- The National Endowment for the Arts has spearheaded the formation of a new coalition of private funders to support its creative placemaking agenda. Called ArtPlace, the collaboration features Carol Coletta as its fearless leader, and has the backing of such significant national funders as the Ford, Knight, Kresge, Rockefeller, and Mellon Foundations. Grants and a $12 million loan fund are administered through the Nonprofit Finance Fund, a nonprofit lender and financial consulting organization. ArtPlace has already made a set of 34 grants in “record time” totaling $11.5 million to a range of projects in the Our Town vein (including one to Coletta’s former employer, CEOs for Cities, in an cool-looking collaboration with GOOD Design.). Thankfully, after a closed-door process for this first round, ArtPlace is opening up next year’s grants through a letter of inquiry which is due November 15. Coletta has more at the Art Works blog.
- A couple of weeks ago, Sean Stannard-Stockton asked a seemingly innocent question: who should be the Hewlett Foundation’s next president? I was surprised to see Sean wrote a follow-up in which he shares that “emails I’ve gotten from very senior members of the philanthropic community – people whose opinions I respect very much – suggest that my hosting this discussion is far more controversial than I might have guessed.” Apparently, according to these Very Senior People (none of whom, Sean notes, are Hewlett employees), speculating about who might ultimately be the driving force behind the distribution of hundreds of millions of tax-exempt philanthropic dollars a year should be off-limits to plebes who are not on the Hewlett Foundation Board. Thankfully, Sean elected not to listen to this silliness and has gone ahead and published the suggestions that have come in, which include some very interesting names.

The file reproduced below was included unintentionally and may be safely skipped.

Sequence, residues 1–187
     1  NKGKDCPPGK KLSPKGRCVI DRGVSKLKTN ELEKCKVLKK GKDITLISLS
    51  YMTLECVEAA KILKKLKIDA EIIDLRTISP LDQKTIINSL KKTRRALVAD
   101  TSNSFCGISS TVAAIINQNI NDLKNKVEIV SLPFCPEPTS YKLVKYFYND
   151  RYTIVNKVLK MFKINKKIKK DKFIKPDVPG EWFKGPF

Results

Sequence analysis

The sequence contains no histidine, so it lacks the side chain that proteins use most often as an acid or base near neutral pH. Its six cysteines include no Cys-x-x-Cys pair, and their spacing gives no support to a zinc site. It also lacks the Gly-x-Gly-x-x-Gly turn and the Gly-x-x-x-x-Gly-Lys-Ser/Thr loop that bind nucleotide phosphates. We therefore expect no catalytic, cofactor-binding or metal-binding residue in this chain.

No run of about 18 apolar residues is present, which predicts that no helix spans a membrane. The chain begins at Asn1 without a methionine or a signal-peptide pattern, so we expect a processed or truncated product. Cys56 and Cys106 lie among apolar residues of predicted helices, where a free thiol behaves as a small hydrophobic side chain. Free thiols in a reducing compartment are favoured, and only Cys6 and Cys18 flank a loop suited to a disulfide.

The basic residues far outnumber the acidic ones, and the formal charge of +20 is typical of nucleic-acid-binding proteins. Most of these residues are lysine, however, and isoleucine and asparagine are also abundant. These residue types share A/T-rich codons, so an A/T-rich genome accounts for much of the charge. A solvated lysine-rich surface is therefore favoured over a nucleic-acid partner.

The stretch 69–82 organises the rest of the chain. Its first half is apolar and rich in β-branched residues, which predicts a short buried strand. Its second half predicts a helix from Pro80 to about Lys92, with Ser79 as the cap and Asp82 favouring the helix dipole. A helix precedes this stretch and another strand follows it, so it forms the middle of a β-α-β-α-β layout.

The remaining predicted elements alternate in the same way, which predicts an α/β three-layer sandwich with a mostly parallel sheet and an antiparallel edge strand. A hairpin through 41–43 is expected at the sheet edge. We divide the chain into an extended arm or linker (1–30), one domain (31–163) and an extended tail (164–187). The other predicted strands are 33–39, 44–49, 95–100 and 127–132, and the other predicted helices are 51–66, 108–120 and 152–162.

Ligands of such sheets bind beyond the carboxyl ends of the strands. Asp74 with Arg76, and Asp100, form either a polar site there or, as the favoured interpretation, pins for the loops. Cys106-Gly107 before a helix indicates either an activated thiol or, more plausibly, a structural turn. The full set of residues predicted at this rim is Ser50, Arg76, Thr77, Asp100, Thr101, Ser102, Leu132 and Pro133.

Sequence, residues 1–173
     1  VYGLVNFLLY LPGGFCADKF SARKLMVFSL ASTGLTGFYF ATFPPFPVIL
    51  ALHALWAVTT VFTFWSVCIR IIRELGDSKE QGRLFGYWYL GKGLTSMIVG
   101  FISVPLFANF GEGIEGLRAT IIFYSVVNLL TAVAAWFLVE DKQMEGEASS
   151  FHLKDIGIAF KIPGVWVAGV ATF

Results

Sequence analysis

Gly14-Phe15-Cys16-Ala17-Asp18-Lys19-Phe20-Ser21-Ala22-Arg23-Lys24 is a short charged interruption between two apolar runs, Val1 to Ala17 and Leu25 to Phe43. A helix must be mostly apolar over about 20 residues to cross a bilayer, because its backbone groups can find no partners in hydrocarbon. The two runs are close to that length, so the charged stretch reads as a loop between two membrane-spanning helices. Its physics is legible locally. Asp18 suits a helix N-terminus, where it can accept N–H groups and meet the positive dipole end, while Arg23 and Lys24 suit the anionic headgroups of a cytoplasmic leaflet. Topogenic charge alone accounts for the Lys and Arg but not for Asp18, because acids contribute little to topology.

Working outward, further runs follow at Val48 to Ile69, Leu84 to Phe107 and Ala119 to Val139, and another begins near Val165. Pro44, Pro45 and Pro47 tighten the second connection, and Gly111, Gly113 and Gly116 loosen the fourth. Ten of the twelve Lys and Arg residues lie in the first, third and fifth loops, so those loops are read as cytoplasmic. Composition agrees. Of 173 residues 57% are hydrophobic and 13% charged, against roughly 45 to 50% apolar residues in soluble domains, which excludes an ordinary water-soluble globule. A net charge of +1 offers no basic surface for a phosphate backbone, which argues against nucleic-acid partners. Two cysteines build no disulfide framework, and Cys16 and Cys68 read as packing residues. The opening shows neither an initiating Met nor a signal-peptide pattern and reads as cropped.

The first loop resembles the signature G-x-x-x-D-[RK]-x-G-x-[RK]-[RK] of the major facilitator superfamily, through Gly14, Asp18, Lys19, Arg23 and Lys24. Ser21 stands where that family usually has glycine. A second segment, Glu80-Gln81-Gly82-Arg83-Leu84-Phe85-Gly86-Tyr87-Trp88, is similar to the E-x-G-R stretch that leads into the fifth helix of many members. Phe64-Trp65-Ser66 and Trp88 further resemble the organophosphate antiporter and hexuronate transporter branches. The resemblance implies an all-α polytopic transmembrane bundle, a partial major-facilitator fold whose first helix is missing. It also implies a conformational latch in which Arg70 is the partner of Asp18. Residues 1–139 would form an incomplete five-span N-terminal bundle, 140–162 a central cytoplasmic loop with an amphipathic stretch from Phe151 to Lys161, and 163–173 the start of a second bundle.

- Speaking of Hewlett, Emiko Ono will be the new Program Officer for the Foundation’s Performing Arts Program, replacing Marc Vogl. Ono was Director of Grants and Professional Development for the Los Angeles County Arts Commission.
- Duke’s Fuqua School of Business has announced a first-of-its-kind “Initiative on Impact Investing.” Officials at the school’s Center for the Advancement of Social Entrepreneurship (CASE) will be developing a new course, case materials, and working with practitioners to explore impact investing in more depth in an academic setting.
- Ouch: the Center for Effective Philanthropy reports that community foundation leaders are far less strategic in their work than their rhetoric would suggest. In particular, “CEOs who are strategic in their donor work focus explicitly on how donor contributions will benefit the community. In comparison, nonstrategic CEOs focus on how donor contributions will continue to flow to the foundation.”
IN THE FIELD
- After a decade of planning and building, Kansas City’s $326 million Kauffman Center for the Performing Arts has opened – one of the last products of the performing arts building boom of the 1990s-2000s.
- Doug Borwick, the Association of Arts Administration Educators president who has a new blog on ArtsJournal called Engaging Matters, writes a love letter to the much-missed Community Arts Network.
- And here’s an inside look at Yerba Buena’s personalized membership program, YBCA: YOU, with more from Borwick.
- Words I’d never thought I’d write department: congratulations to Philly’s Mural Arts Program, which landed a cover story…in AAA New York Car & Travel magazine!
- Composer Nico Muhly offers an insider’s perspective on the byzantine restrictions faced by orchestral composers seeking access to recordings of their own work.
- Sally Gaskill, who runs the Strategic National Arts Alumni Project at Indiana University, interviews Angela Myles Beeching, director of the Center for Music Entrepreneurship at Manhattan School of Music, about preparing musicians for careers outside the academy.
- And speaking of professional training degrees for artists, excuse Poets & Writers magazine for trying to give people some sense of how to choose a creative writing MFA program. According to an angry group of writing faculty, the fact that the rankings take financial aid too heavily into account is enough to break out the pitchforks.
- A very interesting interview with John Kreidler about his cultural policy simulation game, Medici’s Lever.
- Cool true-life story of the birth of an internet meme, conceived by the arts blogosphere’s own Chris Ashworth.